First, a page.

you and me

Our Growing Appreciation for the Unique Beauty and Sexiness of Other Beings.

 

In an airport recently, I got tea at a cafe called the Wonder Tree ’cause I’m a sucker for names that combine fairytale-like adjectives with natural features.

“Enjoy,” the thick-lashed barista said, as he handed me a cup of steaming Earl Grey.

Then he smacked his gaze into mine, the way you do when you want to efficiently convey something sexy. We gave each other an electric look before I returned to my gate. I thought about how my husband, Alec, would grin when I mentioned this hot, wordless exchange with the stranger who made me tea during my long flight delay.

My husband and I like to share these things. To belong to each other and ourselves and the world all at once, it’s complicated and delicious and vulnerable. Talking openly about the flirtatious nature of humans is how we navigate the complexity of dedicated partnership. It’s a flashlight through the wilderness of love and sexuality.

You see, for a long time I believed dedicated partnership required an arsenal of refusal.

I refuse attraction towards anyone other than my partner.

I refuse boundary-pushing conversation regarding my sexual needs as they evolve.

If it feels sensual, I refuse the vibration of energy coursing between myself and other beings.

Armed with this refusal, I became divided. Shame feeds on division, and so shame arrived and set up camp. Whenever I felt anything I believed I should refuse, shame was quick to accompany my experience.

After shame feeds on division, shame short-circuits the feeling process. Shame shuts us down. Shut down, we are unable to let feelings move. When feelings don’t move, they fester. When they fester, they become toxic in some way, and that toxicity impacts our well-being and the well-being of our relationships.

My husband seeks my wholeness and transparency, and this seeking is mutual. We want to have each other, and also hold space for each other.

It’s a complex fusion of animal instincts and spiritual companionship.

We want to acknowledge and share the evolving process of being human around other humans, including the array of feelings and desires that texture connection. We want to do this respectfully, openly, and with a healthy dose of playfulness, because loving is soft willingness in action, and it reveals our sweetest underbelly.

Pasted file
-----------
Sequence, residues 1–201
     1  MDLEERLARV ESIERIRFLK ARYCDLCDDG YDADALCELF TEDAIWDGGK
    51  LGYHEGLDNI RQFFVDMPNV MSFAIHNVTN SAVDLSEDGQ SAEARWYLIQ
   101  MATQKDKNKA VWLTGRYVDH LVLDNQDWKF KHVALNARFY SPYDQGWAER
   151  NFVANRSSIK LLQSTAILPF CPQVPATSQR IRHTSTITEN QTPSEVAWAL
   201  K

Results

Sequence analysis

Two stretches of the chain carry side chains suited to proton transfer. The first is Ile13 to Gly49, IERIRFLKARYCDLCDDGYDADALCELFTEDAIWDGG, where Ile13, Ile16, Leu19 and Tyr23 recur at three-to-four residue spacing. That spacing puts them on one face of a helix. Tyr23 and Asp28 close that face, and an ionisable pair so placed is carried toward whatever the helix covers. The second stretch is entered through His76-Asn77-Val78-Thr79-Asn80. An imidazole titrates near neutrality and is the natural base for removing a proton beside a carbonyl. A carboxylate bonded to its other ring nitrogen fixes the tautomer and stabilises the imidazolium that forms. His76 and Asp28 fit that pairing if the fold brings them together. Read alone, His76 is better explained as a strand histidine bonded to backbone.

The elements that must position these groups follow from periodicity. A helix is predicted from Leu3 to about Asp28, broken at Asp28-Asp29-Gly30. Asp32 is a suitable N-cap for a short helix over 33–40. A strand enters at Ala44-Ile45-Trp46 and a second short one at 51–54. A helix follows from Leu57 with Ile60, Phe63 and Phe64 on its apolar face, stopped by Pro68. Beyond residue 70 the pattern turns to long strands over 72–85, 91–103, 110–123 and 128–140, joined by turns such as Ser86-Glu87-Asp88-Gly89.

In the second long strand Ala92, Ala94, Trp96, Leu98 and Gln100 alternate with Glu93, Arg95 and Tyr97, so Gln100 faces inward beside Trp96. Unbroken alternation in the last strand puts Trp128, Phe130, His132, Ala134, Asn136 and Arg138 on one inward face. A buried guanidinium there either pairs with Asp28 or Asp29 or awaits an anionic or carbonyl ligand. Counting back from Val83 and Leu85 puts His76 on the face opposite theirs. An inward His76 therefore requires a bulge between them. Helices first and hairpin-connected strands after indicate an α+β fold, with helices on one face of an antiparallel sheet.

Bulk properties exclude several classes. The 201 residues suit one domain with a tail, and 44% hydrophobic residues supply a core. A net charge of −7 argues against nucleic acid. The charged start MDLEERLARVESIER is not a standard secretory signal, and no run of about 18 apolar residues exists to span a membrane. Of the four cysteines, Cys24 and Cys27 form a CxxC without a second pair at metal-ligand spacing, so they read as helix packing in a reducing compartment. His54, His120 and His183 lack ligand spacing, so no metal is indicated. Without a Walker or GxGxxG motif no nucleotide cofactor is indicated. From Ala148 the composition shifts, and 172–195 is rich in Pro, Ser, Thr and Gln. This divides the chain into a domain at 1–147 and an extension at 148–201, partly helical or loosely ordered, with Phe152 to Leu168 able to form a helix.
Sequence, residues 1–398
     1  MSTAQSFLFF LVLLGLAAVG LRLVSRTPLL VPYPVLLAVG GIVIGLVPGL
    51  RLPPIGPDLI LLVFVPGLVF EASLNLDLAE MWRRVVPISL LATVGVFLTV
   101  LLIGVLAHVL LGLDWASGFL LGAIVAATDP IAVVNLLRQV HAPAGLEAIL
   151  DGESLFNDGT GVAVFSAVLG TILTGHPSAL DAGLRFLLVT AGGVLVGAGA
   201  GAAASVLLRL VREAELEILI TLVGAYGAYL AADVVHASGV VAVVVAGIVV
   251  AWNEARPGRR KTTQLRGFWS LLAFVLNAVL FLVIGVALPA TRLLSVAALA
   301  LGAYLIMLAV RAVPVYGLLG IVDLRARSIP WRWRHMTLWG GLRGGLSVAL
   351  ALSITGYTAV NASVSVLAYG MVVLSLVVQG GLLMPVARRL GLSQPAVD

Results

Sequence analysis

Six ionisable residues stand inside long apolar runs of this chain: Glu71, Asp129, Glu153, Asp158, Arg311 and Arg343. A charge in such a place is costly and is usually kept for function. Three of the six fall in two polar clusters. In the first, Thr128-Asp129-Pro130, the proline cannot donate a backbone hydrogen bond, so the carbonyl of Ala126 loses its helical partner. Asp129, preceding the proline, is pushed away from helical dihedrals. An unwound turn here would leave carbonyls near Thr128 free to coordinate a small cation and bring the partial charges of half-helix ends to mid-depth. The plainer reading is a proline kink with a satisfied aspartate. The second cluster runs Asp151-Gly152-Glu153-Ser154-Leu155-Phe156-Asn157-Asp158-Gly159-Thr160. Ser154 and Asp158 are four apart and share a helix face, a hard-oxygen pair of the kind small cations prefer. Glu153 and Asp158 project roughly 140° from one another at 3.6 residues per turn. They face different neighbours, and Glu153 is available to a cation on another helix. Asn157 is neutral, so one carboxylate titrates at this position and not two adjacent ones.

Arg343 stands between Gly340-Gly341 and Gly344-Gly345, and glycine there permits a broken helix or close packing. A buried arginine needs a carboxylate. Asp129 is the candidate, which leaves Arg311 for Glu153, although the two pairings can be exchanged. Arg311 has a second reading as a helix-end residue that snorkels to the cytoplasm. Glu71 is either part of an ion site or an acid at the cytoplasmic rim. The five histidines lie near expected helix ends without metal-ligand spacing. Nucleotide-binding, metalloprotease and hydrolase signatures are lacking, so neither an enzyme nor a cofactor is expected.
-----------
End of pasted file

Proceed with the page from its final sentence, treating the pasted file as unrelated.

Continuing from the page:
This is a work in progress.

I’m not advocating that if you just tell your partner you had a flirty encounter at an airport, your intimacy will deepen. Conversations about attraction and desire necessitate a strong foundation of trust and a mutual interest in sharing. The sharing must be allied with connection and learning. If the sharing is used to trigger jealousy, self-doubt, or other shadowy interpersonal experiences, it becomes damaging.

Alec and I have created a space for dialogue about other people’s beauty and the intricate nature of our own desire because it helps us know each other more deeply and see each other more fully. When we are honest with each other, it doesn’t negate our vulnerability. In fact, sometimes the vulnerability we feel amidst our honesty is the most crucial part of our growing intimacy.

I am wildly attracted to my husband. I’m attracted to his expansive mind and his tender heart and his wise spirit and his gorgeous gorgeousness.

He gets me and he’s got me. At this point in time, monogamy is what we want, met by an acceptance and celebration of our own sensual nature.

I am attracted to other humans all the time and so is he.

Here are the beautiful things that happen when shame doesn’t short-circuit our feeling process and we can talk openly with each other:

Our appreciation for the unique beauty and sexiness of other beings grows.

Our appreciation for the unique beauty and sexiness of each other grows.

We learn that attraction is like an electrical flare sent off by the charge of connection, and connection can be many things besides sexual or romantic.

We are able to deepen and discover our truest bond with people because we’re not terrified or guilt-ridden by the experience of attraction.

We are able to be clearer and cleaner with our own boundaries because we are not trying to divide ourself or hide something from each other, nor do we view attraction to others as a forbidden fruit. 

I repeat: this is a work in progress.

Relationships reveal the sweetest underbelly and offer us opportunities to shatter paradigms of secrecy, so we may better tend the tender.

In the wild territory of loving partnership, we are remembering how to be whole, sovereign, united and free.

We are learning the undulating language of belonging.

We are gazing with reverent adoration at all the sexy sexiness.

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Jocelyn Edelstein is a writer, filmmaker and choreographer who believes that stories activate the human code of empathy and voice our animal truths. She has been previously published in three Best Women’s Travel Writing anthologies, Conscious Dancer Magazine, 3Elements Review, Commonline Journal, The Doctor’s Review and The Huffington Post, and she has written adventure copy for Hip Camp and thegorge.com. When Jocelyn isn’t writing, she’s making documentaries in Brazil and teaching dance in the Pacific Northwest. Her film work can be found at urbanbodyproject.com and her writing can be read at her blog.

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Rebelle Society
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